Alito, judges, and moral values

I was a little sore at Prof. Bainbridge for using my post on Alito as a punching bag in a way that would be off the mark if he had read the whole thing, so I held off responding until now. I’m also impatient with the straw man dichotomy between judges who respect the law meticulously and judges who careen in all directions recklessly doing whatever they want, as though those distinct types comprise the universe of choice. Mark’s post below demonstrates one central way in which even a very conservative judge’s fundamental beliefs will affect his decisions. But there’s more to this.

In the first place, cases that come to the Supreme Court are hard cases, meaning that legitimate values (including values set out abstractly in laws like the constitution) and settled laws conflict. Decisions may turn on whether the value of stable expectations (“an old tax is a good tax”) or protection of a constitutional right (“a poll tax for voting is not a good tax”) should count more to decide the case at hand, and no parsing the technical record of law will answer this, any more than scrutiny of the nutrition label will help you decide whether to make your kid’s birthday cake from chocolate or vanilla mix. The kind of values justices hold in especially high regard will tilt decisions on the whole one way or another, and it’s entirely appropriate for the president and the senate to try to read these values and use them in making appointment decisions.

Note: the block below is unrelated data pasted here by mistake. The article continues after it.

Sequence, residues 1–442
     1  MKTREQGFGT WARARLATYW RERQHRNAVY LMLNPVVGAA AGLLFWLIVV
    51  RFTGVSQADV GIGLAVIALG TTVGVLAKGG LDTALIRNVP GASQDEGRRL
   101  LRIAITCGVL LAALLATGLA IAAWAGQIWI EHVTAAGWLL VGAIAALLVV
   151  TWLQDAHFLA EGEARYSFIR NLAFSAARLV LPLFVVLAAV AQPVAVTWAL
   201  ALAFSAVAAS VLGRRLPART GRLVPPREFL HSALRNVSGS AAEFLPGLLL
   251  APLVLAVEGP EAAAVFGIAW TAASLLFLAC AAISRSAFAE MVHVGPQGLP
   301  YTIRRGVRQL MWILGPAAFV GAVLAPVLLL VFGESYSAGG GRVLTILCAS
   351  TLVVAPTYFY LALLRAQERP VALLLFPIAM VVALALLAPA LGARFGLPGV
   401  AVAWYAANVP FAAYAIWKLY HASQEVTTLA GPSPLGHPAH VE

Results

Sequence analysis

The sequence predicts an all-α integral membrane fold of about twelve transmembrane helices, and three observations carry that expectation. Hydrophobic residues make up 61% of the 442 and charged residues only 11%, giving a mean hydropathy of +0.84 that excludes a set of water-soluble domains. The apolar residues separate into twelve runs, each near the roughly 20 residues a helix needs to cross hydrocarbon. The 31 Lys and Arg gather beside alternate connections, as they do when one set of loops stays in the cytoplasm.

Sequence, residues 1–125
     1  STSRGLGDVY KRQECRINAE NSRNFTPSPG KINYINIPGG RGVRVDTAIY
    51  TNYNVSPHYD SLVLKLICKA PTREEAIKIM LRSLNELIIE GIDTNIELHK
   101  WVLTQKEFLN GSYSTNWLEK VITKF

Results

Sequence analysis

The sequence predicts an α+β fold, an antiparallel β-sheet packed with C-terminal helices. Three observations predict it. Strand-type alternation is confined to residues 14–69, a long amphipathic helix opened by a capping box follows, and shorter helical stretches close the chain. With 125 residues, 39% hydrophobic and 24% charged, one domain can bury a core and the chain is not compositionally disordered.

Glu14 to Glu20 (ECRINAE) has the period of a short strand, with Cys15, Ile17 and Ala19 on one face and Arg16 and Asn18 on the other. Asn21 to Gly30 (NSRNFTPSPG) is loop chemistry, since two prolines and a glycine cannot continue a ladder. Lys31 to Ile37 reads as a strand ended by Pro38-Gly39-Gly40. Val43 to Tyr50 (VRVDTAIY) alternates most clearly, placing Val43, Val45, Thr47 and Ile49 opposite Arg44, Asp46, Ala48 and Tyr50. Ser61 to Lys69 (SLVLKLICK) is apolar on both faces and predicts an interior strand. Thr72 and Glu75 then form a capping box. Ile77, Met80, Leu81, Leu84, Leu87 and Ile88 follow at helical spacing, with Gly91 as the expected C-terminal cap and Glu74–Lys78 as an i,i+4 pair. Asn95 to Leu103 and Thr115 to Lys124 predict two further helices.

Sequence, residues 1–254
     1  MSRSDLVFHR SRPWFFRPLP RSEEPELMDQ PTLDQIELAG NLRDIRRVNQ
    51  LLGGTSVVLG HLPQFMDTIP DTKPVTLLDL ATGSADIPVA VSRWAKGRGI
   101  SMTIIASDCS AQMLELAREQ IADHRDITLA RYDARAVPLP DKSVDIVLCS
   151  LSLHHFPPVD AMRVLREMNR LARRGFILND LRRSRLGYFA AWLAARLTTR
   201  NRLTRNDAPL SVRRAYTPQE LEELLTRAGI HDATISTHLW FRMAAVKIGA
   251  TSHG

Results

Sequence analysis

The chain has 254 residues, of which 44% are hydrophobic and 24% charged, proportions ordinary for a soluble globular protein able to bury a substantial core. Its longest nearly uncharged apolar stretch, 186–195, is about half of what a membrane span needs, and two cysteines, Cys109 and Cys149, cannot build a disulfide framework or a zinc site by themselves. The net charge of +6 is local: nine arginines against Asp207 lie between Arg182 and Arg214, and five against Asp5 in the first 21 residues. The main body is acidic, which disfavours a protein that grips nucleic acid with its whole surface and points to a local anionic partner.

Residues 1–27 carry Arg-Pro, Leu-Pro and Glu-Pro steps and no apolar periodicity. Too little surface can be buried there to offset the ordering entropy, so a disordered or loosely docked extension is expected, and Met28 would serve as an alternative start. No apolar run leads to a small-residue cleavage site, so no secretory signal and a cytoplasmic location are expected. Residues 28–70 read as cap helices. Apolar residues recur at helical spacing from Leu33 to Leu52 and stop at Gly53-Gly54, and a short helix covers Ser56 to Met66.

Prof. Bainbridge does corporate law, a context in which the parties are usually not people, have no human rights, and cannot suffer (I know, shareholders and employees figure in it) and in which the issues for all I know can always be settled by reference to statutes. But among the laws important to appellate practice is the constitution, whose preamble says its purpose is to “establish justice”, an abstraction that simply cannot be used without interpretation and specification for cases. At one time, that word meant a defendant should only have to put his hand in the boiling water for a few seconds to see if he was guilty – that it would be unjust to cook him until his flesh fell off the bones. Now we have a different idea, Miranda rights and such like. But what it means in practice will always depend on its expression in the mental constitution of judges, an expression that cannot be blank, nothing, or labile and contingent on the case at hand.

The idea that a decision must properly flow only from the enacted statutes (the unique expression of political will) of a state and not from the contradictory holdings of lower courts which are to be resolved, or precedents of higher courts, is the foundation of the Roman Law model that contrasts with the Common Law system used in Anglo-Saxon countries, including ours. It may or may not be a better system, but we haven’t bought it; in any case, it doesn’t work the way it’s supposed to even where it lives, as the immortal 1976 Hastings Law Review article by Prof. Merryman (“The Refrigerator of Bernard Buffet”) demonstrates.